Was Ted Bundy A Necrophile? Inside His Last Disturbing Confession

When asked about his taking photos of his victims in provocative, sexualized poses, Ted Bundy said, "When you work hard to do something right, you don’t want to forget it."

By Ethan Harfenist

Ted Bundy’s 1970s murder spree captivated the nation because he didn’t “look” like a killer.

He was charming, he was handsome — and he was a batshit crazy predator who liked to have sex with his dead victims.

Netflix’s new smash docu-series, “Conversations With a Killer: The Ted Bundy Tapes,” featuring interviews from death row conversations recorded by journalists Stephen Michaud and Hugh Aynesworth in 1980, has shined a contemporary light on Bundy’s infamous cross-country killing spree, renewing public interest in the grisly details of the mass murderer’s dozens of heinous killings — including Bundy’s admitted penchant for necrophilia.

Perhaps unsurprisingly, the series has inspired many Americans to wonder what necrophilia even is. Between Jan. 20-26, Google searches for “necrophilia” have spiked 100 percent across the United States (the series was released on Jan. 24). The answer? A sexual attraction to dead people.

Though he’s known mostly for his murders, rapes and kidnappings, Bundy was also a necrophile.

For years, Bundy refused to own up to his violent crimes against at least 30 young women across the country despite expertly discussing “theoretical” murders with Michaud and Aynesworth, and other reporters and criminologists. But on the eve of his execution in 1989, he finally confessed to his deeds. True to his slick-talking and articulate nature, Bundy wound up providing graphic details about the violent, sexual nature of his many murders.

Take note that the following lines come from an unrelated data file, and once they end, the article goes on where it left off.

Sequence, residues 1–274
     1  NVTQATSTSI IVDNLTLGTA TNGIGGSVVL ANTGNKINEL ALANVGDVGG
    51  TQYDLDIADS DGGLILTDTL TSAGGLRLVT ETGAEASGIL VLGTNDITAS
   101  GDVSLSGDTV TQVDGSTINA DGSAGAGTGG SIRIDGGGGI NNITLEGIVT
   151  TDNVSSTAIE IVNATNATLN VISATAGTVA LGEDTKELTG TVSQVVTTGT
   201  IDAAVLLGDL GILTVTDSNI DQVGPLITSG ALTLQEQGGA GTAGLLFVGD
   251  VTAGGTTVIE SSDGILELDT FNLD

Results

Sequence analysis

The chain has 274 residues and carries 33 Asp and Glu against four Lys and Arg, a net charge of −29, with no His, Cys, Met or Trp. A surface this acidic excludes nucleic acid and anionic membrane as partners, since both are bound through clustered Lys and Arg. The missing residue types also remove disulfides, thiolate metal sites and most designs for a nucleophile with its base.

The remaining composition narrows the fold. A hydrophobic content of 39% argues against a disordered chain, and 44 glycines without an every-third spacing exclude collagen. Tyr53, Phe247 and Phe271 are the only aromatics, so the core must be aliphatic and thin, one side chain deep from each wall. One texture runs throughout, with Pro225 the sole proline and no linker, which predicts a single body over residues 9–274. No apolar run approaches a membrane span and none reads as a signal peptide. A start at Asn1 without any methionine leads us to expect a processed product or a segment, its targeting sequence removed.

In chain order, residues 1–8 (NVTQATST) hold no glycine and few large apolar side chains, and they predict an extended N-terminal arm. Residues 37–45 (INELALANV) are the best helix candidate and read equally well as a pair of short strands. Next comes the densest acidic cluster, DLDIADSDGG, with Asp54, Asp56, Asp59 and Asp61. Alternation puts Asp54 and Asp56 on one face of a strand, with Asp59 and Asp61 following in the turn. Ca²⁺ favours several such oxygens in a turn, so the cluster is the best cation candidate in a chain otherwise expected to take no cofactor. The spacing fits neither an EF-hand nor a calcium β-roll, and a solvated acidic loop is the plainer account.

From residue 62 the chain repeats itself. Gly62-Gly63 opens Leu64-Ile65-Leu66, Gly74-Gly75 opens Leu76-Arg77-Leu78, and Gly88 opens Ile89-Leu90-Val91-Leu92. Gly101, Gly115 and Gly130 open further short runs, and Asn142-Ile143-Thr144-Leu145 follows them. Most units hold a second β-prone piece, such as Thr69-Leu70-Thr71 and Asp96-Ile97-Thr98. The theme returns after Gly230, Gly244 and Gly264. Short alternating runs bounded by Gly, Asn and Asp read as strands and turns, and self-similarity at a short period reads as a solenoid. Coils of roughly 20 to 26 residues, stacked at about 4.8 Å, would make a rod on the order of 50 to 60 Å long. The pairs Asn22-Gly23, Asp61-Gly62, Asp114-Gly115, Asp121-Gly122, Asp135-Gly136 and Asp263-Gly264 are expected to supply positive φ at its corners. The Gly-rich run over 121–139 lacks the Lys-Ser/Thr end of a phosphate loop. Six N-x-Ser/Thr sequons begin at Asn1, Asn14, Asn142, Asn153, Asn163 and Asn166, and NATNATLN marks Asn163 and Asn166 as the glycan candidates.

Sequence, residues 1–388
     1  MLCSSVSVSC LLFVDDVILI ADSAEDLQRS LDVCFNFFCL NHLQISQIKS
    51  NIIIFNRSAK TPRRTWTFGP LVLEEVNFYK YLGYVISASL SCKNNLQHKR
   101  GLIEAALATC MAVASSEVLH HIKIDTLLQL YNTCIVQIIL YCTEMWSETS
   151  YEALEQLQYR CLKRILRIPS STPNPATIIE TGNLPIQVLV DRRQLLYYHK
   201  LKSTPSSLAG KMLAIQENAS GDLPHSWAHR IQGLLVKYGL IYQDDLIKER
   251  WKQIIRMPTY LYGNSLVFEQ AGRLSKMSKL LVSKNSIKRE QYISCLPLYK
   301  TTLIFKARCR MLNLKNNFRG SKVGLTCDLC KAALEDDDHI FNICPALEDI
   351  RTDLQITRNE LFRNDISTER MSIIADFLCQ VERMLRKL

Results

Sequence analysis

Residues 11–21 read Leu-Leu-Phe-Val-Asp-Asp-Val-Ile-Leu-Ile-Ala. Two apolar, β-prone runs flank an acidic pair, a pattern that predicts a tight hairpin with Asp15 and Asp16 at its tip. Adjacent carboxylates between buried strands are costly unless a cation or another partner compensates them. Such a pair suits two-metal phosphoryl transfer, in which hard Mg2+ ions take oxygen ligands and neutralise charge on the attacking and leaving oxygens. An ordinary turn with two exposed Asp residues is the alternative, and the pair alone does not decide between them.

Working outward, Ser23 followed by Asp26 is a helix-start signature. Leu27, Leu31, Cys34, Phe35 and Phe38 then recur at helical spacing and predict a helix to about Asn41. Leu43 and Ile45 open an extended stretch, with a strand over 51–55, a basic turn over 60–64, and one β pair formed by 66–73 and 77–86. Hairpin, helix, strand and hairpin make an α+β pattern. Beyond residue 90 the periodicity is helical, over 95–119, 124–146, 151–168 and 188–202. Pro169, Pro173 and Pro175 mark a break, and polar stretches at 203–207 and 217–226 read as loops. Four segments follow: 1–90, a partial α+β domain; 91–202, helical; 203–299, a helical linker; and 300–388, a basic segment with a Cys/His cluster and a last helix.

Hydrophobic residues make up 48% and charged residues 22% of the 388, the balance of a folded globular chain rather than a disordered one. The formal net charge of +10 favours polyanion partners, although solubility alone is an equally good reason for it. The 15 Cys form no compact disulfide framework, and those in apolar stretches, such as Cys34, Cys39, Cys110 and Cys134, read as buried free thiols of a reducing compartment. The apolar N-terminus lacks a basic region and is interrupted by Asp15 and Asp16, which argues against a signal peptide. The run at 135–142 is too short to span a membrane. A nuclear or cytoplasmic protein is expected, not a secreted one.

“When he said he was clearing his soul at the end, he wanted me to know that he practiced necrophilia,” FBI Special Agent Bill Hagmaier, who spoke to Bundy on death row on several occasions, says toward the end of the docu-series. “That was something he never talked about even in the third person before that. You know, the truth is terrible.”

The truth is, in addition to raping and murdering at least 30 women, Bundy also sexually violated many of their corpses after ending their lives, severed some of their heads and positioned their bodies in disturbing poses. In one scene in the Netflix series, FBI investigators examining the body of one of Bundy’s victims point to “[definite] post-mortem mutilation to the breast area.”

But while Bundy didn’t directly mention his necrophilia earlier during his incarceration, he dropped hints to Michaud during their conversations about what might motivate a murderer to partake in such heinous acts — in the third person.

"Perhaps this person hoped that through violence, through this violent series of acts, if with every murder leaving a person of this type hungry... Unfulfilled. Would also leave him with the obviously irrational belief that if, the next time he did it he would be fulfilled," Bundy said. "And the next time he did it he would be fulfilled. Or the next time he did it he would be fulfilled."

In his 2014 book “Why We Love Serial Killers: The Curious Appeal of the World’s Most Savage Murderers,” author and professor Scott Bonn touched on the mindset that drove Bundy’s post-mortem acts by including a devastating quote from the man himself.

“When Ted Bundy was asked why he took Polaroid photos of his victims, he said, ‘When you work hard to do something right, you don’t want to forget it,’” Bonn wrote.

And thanks to his actions, the American public will also not soon forget Bundy's reprehensible actions.

[Photo Credit: Netflix]

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